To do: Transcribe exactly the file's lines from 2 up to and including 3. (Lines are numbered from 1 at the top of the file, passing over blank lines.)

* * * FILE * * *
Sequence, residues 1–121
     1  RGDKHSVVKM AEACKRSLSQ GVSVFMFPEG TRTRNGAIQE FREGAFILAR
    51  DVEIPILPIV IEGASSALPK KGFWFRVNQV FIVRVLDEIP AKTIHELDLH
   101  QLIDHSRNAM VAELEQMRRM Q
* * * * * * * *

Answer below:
     1  RGDKHSVVKM AEACKRSLSQ GVSVFMFPEG TRTRNGAIQE FREGAFILAR
    51  DVEIPILPIV IEGASSALPK KGFWFRVNQV FIVRVLDEIP AKTIHELDLH